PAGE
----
The ventricles manufacture cerebrospinal fluid, or CSF, a watery fluid that circulates in and around the ventricles and the spinal cord, and between the meninges. CSF surrounds and cushions the spinal cord and brain, washes out waste and impurities, and delivers nutrients.

      Treatment For Sensory Overload

      Can we trick the brain to interpret something not painful as pain?

      There are currently not many treatment options for sensory overload. Most treatment boils down to avoiding trigger situations and keeping your body as rested and well-hydrated as possible.

      Occupational therapy and feeding therapy can help children manage stimulation and triggers. A method of therapy called sensory integration has found support among researchers and therapists, although researchers are still working to understand how sensory integration helps the brain.

      Treating related conditions can improve sensory overload symptoms. The medication aripiprazole has been found to improve sensory processing in autistic people, for example.

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      Compensating For Lack Of Sweat

      Many of the same measures can both prevent overheating and cool you or your child down when overheating.

      • Avoid exertion in hot environments.
      • Stay in the shade as much as possible.
      • Rest often in the heat.
      • Drink cool liquid or eat popsicles.
      • Wear lightweight, loose, light-colored clothing made of breathable fibers .
      • Use air conditioning when possible.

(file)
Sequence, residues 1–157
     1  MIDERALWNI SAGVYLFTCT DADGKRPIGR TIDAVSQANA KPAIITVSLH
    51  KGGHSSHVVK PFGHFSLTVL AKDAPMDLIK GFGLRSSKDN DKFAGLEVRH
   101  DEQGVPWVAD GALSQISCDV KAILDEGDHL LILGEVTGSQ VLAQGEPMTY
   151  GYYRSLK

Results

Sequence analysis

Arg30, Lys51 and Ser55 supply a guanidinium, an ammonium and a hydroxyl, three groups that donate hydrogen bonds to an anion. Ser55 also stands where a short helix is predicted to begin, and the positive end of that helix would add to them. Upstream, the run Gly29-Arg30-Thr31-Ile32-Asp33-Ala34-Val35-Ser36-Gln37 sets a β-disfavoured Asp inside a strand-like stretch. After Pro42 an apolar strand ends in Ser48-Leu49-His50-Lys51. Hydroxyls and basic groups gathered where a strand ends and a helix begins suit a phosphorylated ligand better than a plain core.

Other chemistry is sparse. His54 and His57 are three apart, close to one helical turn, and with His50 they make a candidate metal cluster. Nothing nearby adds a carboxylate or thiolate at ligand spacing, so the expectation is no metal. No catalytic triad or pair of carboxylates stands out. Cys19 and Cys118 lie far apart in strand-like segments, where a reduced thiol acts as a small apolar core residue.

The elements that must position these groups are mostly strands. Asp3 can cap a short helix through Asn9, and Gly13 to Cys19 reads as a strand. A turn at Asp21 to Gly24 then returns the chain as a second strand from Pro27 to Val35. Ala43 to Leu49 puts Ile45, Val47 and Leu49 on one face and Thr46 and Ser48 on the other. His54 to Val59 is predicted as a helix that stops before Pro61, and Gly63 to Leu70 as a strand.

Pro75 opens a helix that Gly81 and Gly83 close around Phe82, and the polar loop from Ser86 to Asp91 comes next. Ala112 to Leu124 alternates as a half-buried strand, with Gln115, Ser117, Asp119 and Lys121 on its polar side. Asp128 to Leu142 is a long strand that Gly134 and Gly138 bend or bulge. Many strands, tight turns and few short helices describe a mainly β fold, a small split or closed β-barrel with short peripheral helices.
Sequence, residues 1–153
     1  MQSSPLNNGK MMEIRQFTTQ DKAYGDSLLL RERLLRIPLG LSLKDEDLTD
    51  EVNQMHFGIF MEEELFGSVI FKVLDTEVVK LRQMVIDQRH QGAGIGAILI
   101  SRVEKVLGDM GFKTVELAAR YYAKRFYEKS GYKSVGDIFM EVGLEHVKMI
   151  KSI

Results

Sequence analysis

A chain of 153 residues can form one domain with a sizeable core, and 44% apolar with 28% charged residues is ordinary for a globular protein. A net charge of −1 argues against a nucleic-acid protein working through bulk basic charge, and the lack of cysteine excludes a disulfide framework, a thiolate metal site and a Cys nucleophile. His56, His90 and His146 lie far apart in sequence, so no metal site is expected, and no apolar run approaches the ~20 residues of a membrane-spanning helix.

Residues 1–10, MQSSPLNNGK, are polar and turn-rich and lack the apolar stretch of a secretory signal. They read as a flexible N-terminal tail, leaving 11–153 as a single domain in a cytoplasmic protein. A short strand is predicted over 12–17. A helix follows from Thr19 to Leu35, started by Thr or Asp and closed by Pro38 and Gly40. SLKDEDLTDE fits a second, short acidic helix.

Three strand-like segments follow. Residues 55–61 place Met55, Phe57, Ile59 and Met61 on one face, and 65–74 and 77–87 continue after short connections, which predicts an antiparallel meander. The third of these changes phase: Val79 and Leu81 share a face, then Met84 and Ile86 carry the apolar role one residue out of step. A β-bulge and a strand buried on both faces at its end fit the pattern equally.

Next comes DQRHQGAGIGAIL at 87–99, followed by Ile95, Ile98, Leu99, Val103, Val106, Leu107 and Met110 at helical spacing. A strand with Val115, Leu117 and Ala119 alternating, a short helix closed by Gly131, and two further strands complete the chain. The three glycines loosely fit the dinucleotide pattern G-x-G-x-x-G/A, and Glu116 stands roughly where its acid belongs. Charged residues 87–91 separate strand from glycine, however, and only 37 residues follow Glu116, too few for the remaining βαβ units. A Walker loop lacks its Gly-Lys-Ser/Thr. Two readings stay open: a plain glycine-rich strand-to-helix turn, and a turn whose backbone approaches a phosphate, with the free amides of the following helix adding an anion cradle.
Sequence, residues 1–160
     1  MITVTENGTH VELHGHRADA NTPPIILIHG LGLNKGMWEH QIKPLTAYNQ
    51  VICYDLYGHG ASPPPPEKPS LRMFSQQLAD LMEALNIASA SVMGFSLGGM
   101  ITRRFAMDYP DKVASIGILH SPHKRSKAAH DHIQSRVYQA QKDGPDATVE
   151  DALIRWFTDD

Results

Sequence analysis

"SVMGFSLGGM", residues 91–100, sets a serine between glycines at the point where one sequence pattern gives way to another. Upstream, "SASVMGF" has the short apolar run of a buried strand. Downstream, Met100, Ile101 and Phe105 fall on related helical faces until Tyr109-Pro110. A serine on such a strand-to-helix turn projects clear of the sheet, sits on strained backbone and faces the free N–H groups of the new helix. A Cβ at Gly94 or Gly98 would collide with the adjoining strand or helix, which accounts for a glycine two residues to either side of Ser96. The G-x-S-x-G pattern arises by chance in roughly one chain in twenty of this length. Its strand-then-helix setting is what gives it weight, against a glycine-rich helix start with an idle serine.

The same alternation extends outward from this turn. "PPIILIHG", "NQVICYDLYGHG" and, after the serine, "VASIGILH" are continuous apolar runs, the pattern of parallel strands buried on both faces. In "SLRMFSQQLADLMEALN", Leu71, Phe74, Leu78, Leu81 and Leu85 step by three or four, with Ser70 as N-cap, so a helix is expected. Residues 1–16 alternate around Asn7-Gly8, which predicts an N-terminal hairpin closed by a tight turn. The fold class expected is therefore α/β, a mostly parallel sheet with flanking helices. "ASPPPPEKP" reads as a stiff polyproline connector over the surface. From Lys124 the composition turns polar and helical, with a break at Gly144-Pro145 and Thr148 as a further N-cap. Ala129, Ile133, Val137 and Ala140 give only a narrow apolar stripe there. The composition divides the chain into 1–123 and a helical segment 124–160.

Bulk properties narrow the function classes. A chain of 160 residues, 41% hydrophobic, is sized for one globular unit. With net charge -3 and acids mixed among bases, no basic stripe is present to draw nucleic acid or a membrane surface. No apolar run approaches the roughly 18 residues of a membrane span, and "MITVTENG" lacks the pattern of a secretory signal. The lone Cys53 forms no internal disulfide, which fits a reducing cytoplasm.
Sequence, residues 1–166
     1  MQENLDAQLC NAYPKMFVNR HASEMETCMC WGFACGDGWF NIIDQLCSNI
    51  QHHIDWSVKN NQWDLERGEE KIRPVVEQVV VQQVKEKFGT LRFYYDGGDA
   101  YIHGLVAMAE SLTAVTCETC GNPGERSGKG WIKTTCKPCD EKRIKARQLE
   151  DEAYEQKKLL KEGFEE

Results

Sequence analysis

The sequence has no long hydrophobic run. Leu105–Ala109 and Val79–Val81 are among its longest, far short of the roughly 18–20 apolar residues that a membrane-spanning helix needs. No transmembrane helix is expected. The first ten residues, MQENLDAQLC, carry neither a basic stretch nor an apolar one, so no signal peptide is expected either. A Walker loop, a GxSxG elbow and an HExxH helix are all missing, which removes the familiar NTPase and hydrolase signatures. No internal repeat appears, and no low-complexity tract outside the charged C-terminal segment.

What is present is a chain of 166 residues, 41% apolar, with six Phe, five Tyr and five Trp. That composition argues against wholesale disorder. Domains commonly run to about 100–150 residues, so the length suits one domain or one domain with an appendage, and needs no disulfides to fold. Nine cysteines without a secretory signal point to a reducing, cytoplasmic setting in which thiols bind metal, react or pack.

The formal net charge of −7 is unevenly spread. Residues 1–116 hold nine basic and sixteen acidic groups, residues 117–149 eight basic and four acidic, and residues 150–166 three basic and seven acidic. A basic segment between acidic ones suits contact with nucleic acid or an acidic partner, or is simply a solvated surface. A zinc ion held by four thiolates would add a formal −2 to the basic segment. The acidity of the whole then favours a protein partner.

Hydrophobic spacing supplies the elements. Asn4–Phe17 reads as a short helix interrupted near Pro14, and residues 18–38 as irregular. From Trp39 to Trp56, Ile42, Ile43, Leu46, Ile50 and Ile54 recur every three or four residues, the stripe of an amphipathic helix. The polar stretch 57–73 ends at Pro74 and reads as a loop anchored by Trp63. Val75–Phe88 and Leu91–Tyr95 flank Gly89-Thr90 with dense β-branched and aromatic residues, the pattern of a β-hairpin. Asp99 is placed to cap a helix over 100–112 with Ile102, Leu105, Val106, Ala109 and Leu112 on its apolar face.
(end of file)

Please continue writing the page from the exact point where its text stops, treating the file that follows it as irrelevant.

• Use cooling products or cold compresses.
      • Take cool baths, especially before and after exercise.
      • Go to a swimming pool or use a kiddy pool at home.

      For high fevers, use:

      Why Do We Feel Pain

      Ouch! When you whack your toe against the table leg or throw out your back playing tennis, here’s how your body and brain let you know that you’ve been hurt.

      Everyone has felt the ache of a stubbed toe, the twinge of a pulled muscle, or the throbbing of a bad headache but do you know why? The pain response we take for granted is actually a sophisticated and instantaneous chain reaction.

      Pain happens for one simple reason: to protect you. If your brain registers pain, you typically stop doing what caused it. It goes back to the “fight or flight” instinct, says Sujittra Tongprasert, MD, an anesthesiologist with the University of Louisville Hospital in Kentucky. Pain is the body’s way of letting you know that what you are doing is harmful, and that you need to stop.

      The Pain Process

      Pain starts at the source of an injury or inflammation, whether it’s your toe or your lower back. When you injure yourself, the body’s automatic response is to stimulate pain receptors, which in turn release chemicals, says Dr. Tongprasert.

      These chemicals, carrying the message Ouch, that hurts, go directly to the spinal cord. The spinal cord carries the pain message from its receptors all the way up to the brain, where it is received by the thalamus and sent to the cerebral cortex, the part of the brain that processes the message.